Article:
#55: it’s retro time!

contentfolks retrospective

You are reading contentfolks—a fortnightly blend of sticky notes, big content ideas, and small practical examples. Thank you for being here! ~fio

Hey there 👋

It’s beginning to look a lot like that time of the year when people revisit the previous 12 months, reflect on what happened, and figure out what to do next. In other words: it’s retrospective time—and as a huuuuge fan of work (and life) retrospectives, I’m excited to write about them and hopefully convince/remind you to do one before the year is over.

TL;DR on retrospectives

Retrospectives (or retros) help teams and individuals reflect on their way of working and continuously improve it. They’re usually done collaboratively over a meeting or shared document, but they can also be an individual practice. For example, you can:

  • Run regular retros with your content team to discuss content-specific obstacles you faced and solutions you came up with

  • Run retros with the larger marketing team to discuss how you work together and how to make collaboration more effective

  • Hold an end-of-project retro to bring all project contributors together, analyze your shared processes, and plan for future improvements

  • Have personal retros to examine your professional accomplishments and setbacks

The point is: you can do a retro on anything.* And you should! They are an excellent growth tool, and below are the two templates I’ve used the most.

* I can also vouch for family retros to discuss a relationship’s past and current strengths and its areas for future improvement… but only if everybody is on the same page—this is NOT an excuse to air your grievances about parents or partners in the name of “continuous improvement!”

Retro example #1: This week’s score / More of this / Less of this /

retrospective example contentfolks

This is the current format of our weekly marketing meetings at Postmark. We fill an Asana board ahead of our weekly check-in, and then we get on Zoom to go through these columns:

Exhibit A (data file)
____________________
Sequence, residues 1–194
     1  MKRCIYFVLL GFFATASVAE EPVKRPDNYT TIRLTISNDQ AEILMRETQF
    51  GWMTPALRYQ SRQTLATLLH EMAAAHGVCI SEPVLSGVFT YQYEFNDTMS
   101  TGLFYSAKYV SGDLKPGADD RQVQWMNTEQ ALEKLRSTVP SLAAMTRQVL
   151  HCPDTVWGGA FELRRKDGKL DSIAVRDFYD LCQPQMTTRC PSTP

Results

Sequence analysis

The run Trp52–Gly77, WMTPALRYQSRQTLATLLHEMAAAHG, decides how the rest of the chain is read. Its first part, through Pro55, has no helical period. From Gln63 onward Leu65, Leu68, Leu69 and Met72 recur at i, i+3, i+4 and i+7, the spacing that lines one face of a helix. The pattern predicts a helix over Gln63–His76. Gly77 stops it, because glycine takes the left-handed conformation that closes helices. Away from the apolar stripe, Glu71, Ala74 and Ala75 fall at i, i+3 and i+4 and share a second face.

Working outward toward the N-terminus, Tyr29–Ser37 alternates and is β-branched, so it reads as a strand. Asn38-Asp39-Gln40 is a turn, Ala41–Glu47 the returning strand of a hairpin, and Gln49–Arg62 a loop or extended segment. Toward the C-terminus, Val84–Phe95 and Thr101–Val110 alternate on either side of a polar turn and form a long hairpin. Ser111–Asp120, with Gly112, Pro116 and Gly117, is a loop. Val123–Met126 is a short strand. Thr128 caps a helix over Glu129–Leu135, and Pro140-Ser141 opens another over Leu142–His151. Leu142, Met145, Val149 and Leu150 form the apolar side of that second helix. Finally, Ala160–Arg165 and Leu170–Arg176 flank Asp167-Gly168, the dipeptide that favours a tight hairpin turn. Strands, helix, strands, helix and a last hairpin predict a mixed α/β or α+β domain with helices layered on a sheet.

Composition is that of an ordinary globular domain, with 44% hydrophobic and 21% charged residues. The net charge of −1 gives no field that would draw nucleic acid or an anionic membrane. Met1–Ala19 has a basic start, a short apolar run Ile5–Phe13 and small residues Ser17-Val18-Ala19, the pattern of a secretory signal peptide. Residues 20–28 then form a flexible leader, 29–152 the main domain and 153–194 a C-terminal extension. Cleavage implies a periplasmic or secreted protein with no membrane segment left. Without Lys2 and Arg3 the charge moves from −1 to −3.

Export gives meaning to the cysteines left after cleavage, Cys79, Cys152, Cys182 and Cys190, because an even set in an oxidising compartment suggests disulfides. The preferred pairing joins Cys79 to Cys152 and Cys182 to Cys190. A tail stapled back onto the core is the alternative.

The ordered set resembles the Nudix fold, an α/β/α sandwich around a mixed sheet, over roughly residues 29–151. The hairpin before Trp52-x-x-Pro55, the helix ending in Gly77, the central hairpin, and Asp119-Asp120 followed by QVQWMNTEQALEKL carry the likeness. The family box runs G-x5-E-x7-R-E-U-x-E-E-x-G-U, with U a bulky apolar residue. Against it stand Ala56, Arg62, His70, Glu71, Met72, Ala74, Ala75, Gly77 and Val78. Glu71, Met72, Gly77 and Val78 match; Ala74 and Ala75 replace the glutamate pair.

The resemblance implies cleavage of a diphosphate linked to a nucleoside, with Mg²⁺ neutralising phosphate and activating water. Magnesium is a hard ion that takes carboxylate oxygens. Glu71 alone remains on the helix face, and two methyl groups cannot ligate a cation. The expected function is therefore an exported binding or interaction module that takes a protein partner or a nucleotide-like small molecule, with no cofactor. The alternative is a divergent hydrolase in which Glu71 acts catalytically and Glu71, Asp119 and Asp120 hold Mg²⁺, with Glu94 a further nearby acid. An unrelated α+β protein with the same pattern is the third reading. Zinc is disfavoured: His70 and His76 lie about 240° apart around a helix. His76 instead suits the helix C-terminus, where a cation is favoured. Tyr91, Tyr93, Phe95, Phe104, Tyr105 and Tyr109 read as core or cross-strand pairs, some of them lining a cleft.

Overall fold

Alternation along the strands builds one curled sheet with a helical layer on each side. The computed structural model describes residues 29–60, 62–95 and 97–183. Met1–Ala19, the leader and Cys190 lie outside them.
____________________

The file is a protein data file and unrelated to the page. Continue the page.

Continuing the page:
• This week’s score → on a scale from 1 to 10, this helps keep a pulse on the team’s level of happiness and motivation

  • More of this → things that make the team energised and fulfilled. Calling them out helps us avoid the trap of only ever looking at what doesn’t work or needs changing—it’s important to celebrate individual and collective wins!

  • Less of this → things that frustrated or blocked the team, which often lead us to workshopping solutions together

🗒️ A note on format: this one is great for iteratively improving how you work as a team, but you don’t have to use the same headings we do. Here is a What went well / What didn’t go well / Action items variation, with a Trello template I built in 2018.

Retro example #2: Loved / Lacked / Learned

contentfolks retrospective example

I adapted this from the original 4L format (Loved / Loathed / Lacked / Learned), because I love alliteration, but not enough to bring ‘loathing’ in my retros.

Unlike the previous example, this format helps you reflect on what you’ve learned, how you’ve upskilled yourself, and what’s stopping you from doing your best work—which makes it great for end-of-project or milestone retros. The example above is from a retro I ran when this newsletter turned two; from the vantage point of the present, it was easy to see how the project had evolved over the previous 12 months and come up with a list of things worth investigating next.

🗒️ A note on format: an alternative is the Mad / Sad / Glad approach, which is 100% about getting in touch with your feelings—but the negatives outnumber the positives 2 to 1, which is why I prefer my 3L version.

Whether you do them on paper, in a project management tool, or by building a Lego animal to represent your feelings in 8 bricks or less (…I kind of want to try this one?), retrospectives help you inspect and improve the way you work and live.1

Wit only ~10 days left in 2022, this looks like a great time for an end-of-year retro. Will you try?


Remember to always respect the Retrospective Prime Directive, which states: “Regardless of what we discover, we understand and truly believe that everyone did the best job they could, given what they knew at the time, their skills and abilities, the resources available, and the situation at hand.”